In the Garden:
Try cool-season Asian greens, like leaf radishes, to add flavor and nutrition to your meals.
The Flourishing Fall Garden
Sure, the summer vegetables -- the corn, tomatoes, squash, beans, and cucumbers -- are what most entice us, but the true season for fresh, local produce is oh so short. Fortunately, there are two other seasons -- spring and fall -- that offer fresh-from-the-garden flavor and lots of nutritional benefits, too. In late summer, I wrote about extending the garden season, giving ideas for various crops as well as how to protect them from chilly weather. That should have been enough devoted to the subject, but the yummy goodness pouring forth from my fall garden inspires me to tell you more.
The surprise hit of the fall garden this year is leaf radishes, that is, specific varieties of radishes that are selected and grown for their leaves, not their roots. They are a traditional Asian vegetable, just one of many Asian greens that readily grow in cooler weather. The variety I grew was 'Hybrid Four Season'. The plants are vigorous, with dark green leaves growing to 15 inches or so tall but remaining very tender and delicious. Harvesting started about 30 days after planting. By using the outer leaves, the plants continue to produce new growth. Although the leaves can be used in stir-fries or kimchee, I've mainly used them in salads.
For seeds of leaf radishes and other Asian vegetables, two of my favorite sources are Evergreen Seeds, http://www.evergreenseeds.com, and Kitazawa Seeds, http://www.kitazawaseed.com. Of all the reference books on Asian vegetables, the one that I turn to most often is Joy Larkcom's Oriental Vegetables: The Complete Guide for Gardening Cook (Kodansha America, revised edition 2008, $19.95).
Some people anxiously await the first tomato in summer, but, for me, one of the glories of the garden are the little round, white Asian turnips. Bear in mind that these 2-inch gems are a far cry from the softball-size, strongly flavored turnips most familiar to Western gardeners. (For the record, I like those, too, but they're a whole different vegetable taste-wise.) I was only able to compare several varieties this year, and didn't get them thinned, but the clear winner of this limited test was the variety 'Hakurei', from Park Seed, http://wwww.parkseed.com. The mild, sweet flavor is great both eaten raw or cooked. The greens are very good as well. 'Oasis' was a close runner-up. Although 'Tokyo Cross' and 'Tokyo Market' are the most widely available of this type of turnip and very good choices as well. Experiment!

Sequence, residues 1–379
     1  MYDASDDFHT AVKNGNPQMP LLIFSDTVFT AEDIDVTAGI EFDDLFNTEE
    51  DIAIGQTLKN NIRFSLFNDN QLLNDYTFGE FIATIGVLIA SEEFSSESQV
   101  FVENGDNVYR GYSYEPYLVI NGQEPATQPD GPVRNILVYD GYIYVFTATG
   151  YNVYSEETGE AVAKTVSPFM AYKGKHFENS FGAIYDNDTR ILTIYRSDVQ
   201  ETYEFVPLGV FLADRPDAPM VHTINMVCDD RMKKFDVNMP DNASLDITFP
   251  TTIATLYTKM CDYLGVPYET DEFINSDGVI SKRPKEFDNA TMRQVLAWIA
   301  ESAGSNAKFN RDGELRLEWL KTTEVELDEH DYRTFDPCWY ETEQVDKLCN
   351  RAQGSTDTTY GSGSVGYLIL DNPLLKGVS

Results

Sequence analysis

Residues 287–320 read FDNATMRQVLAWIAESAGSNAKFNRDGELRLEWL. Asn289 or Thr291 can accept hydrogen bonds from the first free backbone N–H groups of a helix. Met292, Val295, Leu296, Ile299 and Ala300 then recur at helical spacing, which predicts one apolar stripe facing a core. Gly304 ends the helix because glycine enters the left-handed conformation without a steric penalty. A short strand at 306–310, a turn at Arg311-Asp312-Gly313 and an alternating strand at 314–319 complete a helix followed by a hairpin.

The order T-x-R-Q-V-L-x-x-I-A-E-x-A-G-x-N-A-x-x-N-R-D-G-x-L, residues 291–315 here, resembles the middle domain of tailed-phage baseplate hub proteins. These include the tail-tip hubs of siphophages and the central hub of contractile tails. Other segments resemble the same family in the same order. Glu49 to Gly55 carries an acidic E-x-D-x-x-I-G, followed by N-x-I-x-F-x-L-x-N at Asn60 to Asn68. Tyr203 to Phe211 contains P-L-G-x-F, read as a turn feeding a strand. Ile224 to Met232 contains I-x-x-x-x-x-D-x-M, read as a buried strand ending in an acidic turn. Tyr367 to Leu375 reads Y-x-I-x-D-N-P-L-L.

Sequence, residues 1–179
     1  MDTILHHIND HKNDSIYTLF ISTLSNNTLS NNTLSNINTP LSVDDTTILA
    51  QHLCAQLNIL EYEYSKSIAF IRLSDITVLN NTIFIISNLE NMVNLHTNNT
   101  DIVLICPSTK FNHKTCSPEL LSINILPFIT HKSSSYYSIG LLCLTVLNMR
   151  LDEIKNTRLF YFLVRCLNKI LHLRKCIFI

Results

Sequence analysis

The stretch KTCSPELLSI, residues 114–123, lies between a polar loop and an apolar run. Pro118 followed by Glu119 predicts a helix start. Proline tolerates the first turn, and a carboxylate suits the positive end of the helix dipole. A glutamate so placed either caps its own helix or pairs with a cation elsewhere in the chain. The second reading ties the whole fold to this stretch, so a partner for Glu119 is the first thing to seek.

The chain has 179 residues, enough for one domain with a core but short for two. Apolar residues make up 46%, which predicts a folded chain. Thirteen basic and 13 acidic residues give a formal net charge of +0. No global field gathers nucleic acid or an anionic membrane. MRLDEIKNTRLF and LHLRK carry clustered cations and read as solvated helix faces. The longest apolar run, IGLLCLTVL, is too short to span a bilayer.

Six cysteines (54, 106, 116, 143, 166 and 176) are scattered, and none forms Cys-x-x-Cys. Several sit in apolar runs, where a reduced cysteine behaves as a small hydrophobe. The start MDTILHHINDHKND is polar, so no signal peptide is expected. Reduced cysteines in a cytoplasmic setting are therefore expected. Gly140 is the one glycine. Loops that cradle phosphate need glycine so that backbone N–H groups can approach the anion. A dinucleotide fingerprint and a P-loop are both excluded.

Also known as Chinese or celery cabbage, the tender, sweet, cylindrical heads of napa cabbage originated in China, with the earliest record in Chinese literature being in the fifth century A. D. Napa cabbage is another one of my favorite foods, but I had not grown it for years, mainly because I vaguely recall having problems. Since it is difficult to find organically grown in my local grocery, I decided to take the plunge this year.
As many varieties produce fairly large heads, weighing five pounds or more, one of my goals was to choose varieties that produced a more reasonable size for a one-person household. I selected four varieties: 'Kasumi', 'One Kilo', 'Qingdao 65', and 'Tender Heart'. The seeds were started in flats in late July and transplanted to the garden in mid-August. During drought periods, the area was watered. The biggest problem was cabbage worms. These have required repeated dustings with a Bacillus thuringiensis (Bt) powder, even in mid-October. All four varieties have grown well, with 'Tender Heart' being the first ready for harvest and producing compact heads about two pounds in size.
Although it's too late to plant any of these or other cool-season crops, like lettuce, spinach, kale, and peas, this fall, visit your local farmer's market to buy some and think about growing your favorites in the early garden next spring. Having three seasons of fresh, flavorful harvest from the garden will make it easier than ever to eat lots of vegetables every day.
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